Venture capital firms provide funding to startups and small businesses early in their development. Compared to angel investors, venture capital firms work very fast, but at a price. The firms are very specific about what areas and who the invest in

4. Loans from the SBA

The SBA otherwise known as the Small Business Administration has a program that helps people get financing for their business after they show they are successful for a few years. These loans are given out with a guarantee that the loan will be repaid to the lender. If the business doesn’t pay back the loan, the government will still pay back the lender. Lenders are often traditional banks and the guaranteed repayment from the government motivates banks to lend to more small businesses. However, these loans are often difficult to come about. 

5. Angel Investors

Angel Investors refer to wealthy people or groups of people who want to fund startups. You can search for angel investors by industry and location through sites such as Angel Capital Association’s national directory of angel investors and firms. After you find a potential investor, there is a long interview process with the person’s entire business team as well as the entrepreneur in order to ensure that the business is viable. Yes, having a benefactor alleviate funding burdens is nice, but it can be a very slow and difficult process before you get any money.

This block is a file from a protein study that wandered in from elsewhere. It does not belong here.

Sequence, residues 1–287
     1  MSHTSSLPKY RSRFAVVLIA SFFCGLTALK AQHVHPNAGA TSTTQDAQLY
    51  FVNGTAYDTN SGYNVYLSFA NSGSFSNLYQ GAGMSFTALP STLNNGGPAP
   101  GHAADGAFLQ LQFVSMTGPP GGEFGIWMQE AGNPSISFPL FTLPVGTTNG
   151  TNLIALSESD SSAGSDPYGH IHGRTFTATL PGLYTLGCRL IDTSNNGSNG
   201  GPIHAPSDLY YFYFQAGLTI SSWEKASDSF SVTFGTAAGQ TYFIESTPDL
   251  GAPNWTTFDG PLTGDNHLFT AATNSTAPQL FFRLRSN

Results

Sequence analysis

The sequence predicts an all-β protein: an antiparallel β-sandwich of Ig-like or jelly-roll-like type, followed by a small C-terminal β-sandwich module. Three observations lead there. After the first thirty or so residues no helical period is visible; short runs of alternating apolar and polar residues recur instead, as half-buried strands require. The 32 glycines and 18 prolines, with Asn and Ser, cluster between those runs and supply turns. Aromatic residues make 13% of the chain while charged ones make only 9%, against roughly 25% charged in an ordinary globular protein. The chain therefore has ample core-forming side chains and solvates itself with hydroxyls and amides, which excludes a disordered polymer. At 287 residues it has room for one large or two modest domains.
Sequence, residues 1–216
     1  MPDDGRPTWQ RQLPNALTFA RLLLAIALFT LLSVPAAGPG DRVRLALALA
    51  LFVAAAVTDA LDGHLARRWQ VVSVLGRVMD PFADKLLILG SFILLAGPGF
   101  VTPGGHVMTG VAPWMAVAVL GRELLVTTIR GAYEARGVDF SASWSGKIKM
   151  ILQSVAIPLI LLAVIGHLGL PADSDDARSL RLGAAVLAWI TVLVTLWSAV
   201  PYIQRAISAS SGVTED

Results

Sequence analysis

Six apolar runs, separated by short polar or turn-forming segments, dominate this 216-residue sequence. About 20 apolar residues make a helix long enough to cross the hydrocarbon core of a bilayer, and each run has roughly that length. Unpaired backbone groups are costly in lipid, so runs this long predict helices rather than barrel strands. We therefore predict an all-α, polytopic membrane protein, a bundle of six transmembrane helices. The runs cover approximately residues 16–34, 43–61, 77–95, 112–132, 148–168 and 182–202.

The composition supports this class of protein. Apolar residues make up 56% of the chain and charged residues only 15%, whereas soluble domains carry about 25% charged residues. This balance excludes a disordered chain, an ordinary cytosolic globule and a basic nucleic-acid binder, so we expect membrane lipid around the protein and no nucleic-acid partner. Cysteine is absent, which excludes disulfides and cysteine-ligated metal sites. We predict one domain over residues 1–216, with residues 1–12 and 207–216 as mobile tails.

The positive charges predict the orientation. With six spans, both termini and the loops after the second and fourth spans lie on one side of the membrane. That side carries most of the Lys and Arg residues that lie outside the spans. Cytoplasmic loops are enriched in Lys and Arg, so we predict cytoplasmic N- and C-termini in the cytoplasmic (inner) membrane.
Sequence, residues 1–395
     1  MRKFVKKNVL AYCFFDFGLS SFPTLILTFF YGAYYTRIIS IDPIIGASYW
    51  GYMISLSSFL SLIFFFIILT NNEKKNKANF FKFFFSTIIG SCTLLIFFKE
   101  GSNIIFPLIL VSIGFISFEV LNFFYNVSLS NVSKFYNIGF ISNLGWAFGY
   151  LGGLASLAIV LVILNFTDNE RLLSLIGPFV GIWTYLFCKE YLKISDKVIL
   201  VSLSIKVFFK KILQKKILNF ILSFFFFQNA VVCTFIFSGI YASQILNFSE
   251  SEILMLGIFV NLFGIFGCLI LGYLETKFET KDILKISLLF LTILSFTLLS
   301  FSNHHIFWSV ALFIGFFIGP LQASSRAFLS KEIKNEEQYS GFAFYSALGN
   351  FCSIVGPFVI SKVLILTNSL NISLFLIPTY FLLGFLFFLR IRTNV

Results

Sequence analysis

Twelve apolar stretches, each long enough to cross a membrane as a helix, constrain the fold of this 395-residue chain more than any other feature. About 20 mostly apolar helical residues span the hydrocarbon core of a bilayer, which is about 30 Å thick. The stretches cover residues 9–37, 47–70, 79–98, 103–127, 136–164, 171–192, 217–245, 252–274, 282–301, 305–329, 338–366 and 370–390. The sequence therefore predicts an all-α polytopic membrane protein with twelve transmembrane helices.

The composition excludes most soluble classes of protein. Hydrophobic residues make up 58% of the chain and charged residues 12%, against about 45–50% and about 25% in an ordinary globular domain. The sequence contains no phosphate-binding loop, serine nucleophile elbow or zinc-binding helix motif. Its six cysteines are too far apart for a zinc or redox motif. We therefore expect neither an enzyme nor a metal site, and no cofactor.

6. Crowdfunding

Crowdfunding sites have become a popular way to gain capital for a business, especially after the rise of sites such as Indiegogo and Kickstarter. Small business owners or entrepreneurs have to create a 30-day fundraising campaign that looks for investors in one’s company/project instead of going to a bank for a loan. Business owners will reward individual investors with gifts for giving money such as a discount on their product or equity in the company.